Sat, Feb 04|
Guzzetta Hall Studio 194
Work in Process Showing: Garden of Wilis
Michael Sakamoto (Amherst, MA) and George de la Peña (University Heights, IA) continue their creative development of the devised dance theater work "Garden of Wilis" – blending ballet and butoh legacies and reflecting aesthetic and cultural shifts in the performing arts.
Time & Location
Feb 04, 11:30 AM
Guzzetta Hall Studio 194, 228 E Buchtel Ave, Akron, OH 44325, USA
About the Event
Join us in Guzzetta Hall Studio 194 for a work-in-process showing of Garden of Wilis by choreographers Michael Sakamoto (Amherst, MA) and George de la Peña (University Heights, IA).
They are continuing the creative development of this work in collaboration with composer-musician Hyeyung Sol Yoon (Jersey City, NJ) and co-director-dramaturg Asher Hartman (Los Angeles, CA). The project is a devised dance theater work blending legacies in ballet and butoh and reflecting aesthetic and cultural shifts in the performing arts as embodied in the artistic, cultural, historical, and personal narratives of the lead performers.
Masks are required for audience members.
Michael Sakamoto (he/him) is an artist, scholar, educator, and curator in performing and media arts. His creative works have been presented in 16 countries, including at Dance Center of Columbia College-Chicago, Vancouver International Dance Festival, REDCAT, Tokyo International Butoh Festival, TACTFest Osaka, Gøteborg Art Sounds, and other venues. Recent touring works include Flash, a butoh/hip-hop collaboration with Rennie Harris, and Soil, a dance theater trio featuring Thai, Vietnamese, and Cambodian performers. Michael serves as Performing Arts Curator of the UMass Amherst Fine Arts Center and published his book monograph, An Empty Room: Imagining Butoh Performance and the Social Body in Crisis, with Wesleyan University Press in 2022.
George de la Peña (he/him) is a performer-director-choreographer-researcher who seeks new knowledge through the arts and sciences. Beginning with American Ballet Theatre, he has worked with George Balanchine, Mikhail Baryshnikov, Martha Clarke, Kenneth MacMillan, Mark Morris, Rudolf Nureyev, Dwight Rhoden, Jerome Robbins, Antony Tudor, Twyla Tharp, Doug Varone, and many others. George portrayed Vaslav Nijinsky in the Paramount Pictures/Herbert Ross film, Nijinsky, followed by film and television projects as an actor, working with distinguished artists such as Alan Bates, Blake Edwards, Stanley Donen, John Turturro, Kathy Bates, and Patrick Swayze. George is a member of the Lincoln Center Theater Director’s Laboratory. He is currently performing God's Fool with Martha Clarke and La Mama experimental theater.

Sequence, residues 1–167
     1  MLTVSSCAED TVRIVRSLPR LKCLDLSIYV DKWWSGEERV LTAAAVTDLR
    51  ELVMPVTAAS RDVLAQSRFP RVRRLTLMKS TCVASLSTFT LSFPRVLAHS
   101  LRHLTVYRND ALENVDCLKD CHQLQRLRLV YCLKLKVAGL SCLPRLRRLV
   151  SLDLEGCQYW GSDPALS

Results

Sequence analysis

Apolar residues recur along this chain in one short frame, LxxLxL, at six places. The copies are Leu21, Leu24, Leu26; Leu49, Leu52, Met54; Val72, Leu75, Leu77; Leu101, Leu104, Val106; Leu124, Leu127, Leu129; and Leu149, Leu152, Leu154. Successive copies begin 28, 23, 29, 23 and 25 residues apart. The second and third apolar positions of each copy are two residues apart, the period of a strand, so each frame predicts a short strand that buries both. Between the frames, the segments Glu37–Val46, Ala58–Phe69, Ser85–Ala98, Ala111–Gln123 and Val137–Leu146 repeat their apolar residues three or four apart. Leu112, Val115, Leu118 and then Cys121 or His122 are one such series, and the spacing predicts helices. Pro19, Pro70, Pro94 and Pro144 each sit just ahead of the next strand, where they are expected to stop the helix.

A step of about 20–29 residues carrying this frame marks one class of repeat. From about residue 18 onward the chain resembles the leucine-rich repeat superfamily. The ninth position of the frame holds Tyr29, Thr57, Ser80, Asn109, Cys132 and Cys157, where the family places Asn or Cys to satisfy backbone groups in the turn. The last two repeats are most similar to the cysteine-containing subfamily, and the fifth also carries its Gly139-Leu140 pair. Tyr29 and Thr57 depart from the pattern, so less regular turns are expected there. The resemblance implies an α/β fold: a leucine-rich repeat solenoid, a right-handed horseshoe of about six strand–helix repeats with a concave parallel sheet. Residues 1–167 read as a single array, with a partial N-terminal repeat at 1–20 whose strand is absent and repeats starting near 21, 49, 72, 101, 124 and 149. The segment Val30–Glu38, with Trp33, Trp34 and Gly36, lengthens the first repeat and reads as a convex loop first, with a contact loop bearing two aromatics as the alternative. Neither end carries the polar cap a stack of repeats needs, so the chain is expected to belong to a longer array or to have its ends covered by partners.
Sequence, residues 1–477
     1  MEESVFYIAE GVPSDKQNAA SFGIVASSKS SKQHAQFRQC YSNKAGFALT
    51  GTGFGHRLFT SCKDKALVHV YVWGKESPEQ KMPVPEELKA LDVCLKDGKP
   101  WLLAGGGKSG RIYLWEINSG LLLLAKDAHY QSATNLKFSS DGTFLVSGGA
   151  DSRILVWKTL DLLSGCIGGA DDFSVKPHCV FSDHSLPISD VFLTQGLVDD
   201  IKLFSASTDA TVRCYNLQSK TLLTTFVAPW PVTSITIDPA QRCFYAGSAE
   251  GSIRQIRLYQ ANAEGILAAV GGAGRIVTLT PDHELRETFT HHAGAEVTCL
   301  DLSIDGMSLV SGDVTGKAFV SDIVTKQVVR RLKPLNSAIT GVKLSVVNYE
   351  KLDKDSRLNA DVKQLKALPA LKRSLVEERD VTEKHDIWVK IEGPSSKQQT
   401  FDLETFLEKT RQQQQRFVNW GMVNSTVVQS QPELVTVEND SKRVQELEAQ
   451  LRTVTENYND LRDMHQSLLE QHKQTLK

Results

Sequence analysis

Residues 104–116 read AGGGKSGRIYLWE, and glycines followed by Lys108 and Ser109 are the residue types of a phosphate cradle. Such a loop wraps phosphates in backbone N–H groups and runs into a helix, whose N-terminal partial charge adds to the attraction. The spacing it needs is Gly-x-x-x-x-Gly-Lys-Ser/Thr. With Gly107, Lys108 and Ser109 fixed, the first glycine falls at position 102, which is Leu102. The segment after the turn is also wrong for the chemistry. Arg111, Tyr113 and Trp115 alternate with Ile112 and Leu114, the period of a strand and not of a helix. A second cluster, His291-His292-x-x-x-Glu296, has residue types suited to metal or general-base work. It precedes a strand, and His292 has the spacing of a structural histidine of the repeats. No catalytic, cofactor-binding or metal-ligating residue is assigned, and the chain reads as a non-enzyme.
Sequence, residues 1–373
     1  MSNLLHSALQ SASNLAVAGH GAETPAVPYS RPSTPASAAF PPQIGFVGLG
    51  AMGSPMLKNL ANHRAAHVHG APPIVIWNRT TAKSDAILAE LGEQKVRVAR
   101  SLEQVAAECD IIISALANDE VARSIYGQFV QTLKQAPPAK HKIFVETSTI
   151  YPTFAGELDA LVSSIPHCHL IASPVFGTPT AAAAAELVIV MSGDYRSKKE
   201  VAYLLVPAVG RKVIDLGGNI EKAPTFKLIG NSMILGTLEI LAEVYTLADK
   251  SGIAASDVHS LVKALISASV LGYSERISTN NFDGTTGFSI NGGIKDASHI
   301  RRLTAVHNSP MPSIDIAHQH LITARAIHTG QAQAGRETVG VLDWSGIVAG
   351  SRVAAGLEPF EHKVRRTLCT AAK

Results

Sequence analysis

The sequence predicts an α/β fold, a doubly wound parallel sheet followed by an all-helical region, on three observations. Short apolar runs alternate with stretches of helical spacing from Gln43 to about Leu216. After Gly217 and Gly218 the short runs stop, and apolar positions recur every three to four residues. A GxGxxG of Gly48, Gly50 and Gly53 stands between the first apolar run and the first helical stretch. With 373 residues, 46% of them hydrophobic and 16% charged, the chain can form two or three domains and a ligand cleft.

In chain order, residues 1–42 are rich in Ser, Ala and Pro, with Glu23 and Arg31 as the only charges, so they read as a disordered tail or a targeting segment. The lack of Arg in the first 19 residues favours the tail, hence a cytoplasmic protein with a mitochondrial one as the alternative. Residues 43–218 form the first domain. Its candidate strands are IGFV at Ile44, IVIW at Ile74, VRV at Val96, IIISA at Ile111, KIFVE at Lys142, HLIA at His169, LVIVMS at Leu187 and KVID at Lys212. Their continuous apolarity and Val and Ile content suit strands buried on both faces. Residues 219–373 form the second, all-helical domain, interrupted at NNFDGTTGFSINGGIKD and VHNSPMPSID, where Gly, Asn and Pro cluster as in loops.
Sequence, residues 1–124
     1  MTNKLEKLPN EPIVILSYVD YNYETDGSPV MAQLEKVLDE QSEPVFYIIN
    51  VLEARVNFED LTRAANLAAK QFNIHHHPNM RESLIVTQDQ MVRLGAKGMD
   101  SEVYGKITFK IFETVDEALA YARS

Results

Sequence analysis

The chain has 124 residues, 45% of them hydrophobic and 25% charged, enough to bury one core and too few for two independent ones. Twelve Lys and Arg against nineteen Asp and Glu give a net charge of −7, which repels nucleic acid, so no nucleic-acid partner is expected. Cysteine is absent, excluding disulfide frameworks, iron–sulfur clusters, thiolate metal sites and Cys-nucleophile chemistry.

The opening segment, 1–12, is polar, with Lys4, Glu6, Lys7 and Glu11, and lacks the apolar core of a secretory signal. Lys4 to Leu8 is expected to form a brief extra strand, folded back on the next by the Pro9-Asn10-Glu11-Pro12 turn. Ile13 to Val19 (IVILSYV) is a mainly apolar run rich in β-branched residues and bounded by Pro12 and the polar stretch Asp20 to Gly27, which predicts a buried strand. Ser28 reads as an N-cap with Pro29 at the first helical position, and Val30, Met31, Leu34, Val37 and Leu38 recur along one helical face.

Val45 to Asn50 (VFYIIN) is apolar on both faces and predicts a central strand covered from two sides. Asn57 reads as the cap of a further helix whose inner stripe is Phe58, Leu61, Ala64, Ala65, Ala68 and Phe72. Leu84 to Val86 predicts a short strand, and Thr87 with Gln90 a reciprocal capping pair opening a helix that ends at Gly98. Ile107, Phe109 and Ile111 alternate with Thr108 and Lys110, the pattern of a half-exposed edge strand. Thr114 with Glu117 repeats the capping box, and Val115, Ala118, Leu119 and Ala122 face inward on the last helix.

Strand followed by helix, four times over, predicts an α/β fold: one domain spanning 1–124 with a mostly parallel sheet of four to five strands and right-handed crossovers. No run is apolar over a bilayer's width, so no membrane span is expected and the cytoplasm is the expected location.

Asher Hartman (he/him) is a transgender visual artist, writer, director, and maker of live performances. His works, which combine strategies of theater and performance art, grapple with social and political issues in an era of chronic crisis. His works are dense, visual, poetic embodied texts, infused with clown and cringe humor, evidence of trance and psychic journeying, set in engulfing installations designed to disorient, unnerve, and elicit strong feeling. Upcoming projects are It’s Better to Start Out Ugly at The Lab, San Francisco (2023), and to be announced in LA. Recent publications include five short plays for Lifes, curated by Aram Moshayedi at the Hammer Museum in 2022, and a book of plays, Mad Clot on a Holy Bone, published by X Artists’ Books in 2020.
Hyeyung Sol Yoon (she/her) is an artist at the margins of her American and Korean identities who plays the violin, composes, teaches, and organizes arts communities in a career that spans over 2 decades. Hyeyung’s experience of immigrating to the U.S. from Korea at the age of 7 and later traveling to her motherland to experience Korea’s shaman rituals and folk performances continue to inspire and inform her own creative work. Current projects include composing and performing a collection of musical poems: Uhmuhni, a collaboration between Yoon and Hanji artist Aimee Lee inspired by the often unheard stories of Korean and Korean-American women. She is the founder of Asian Musical Voices of America (AMVA), an organization devoted to community-building and activism for change for Asian diasporic musicians, and was a violinist in the Chiara String Quartet for 18 years before celebrating the ensemble’s last season in 2018. The Chiara held residencies at Harvard University, the Metropolitan Museum of Art, and the University of Nebraska-Lincoln, touring and performing many works by heart, including the complete string quartets of Béla Bartók at the Ravinia Festival in 2016.
Pictured (clockwise from top left): Michael Sakamoto (photo Yvan Cohen), George de la Peña (photo courtesy of the artist), Asher Hartman (photo Ian Byers-Gamber), and Hyeyung Sol Yoon (photo by MG).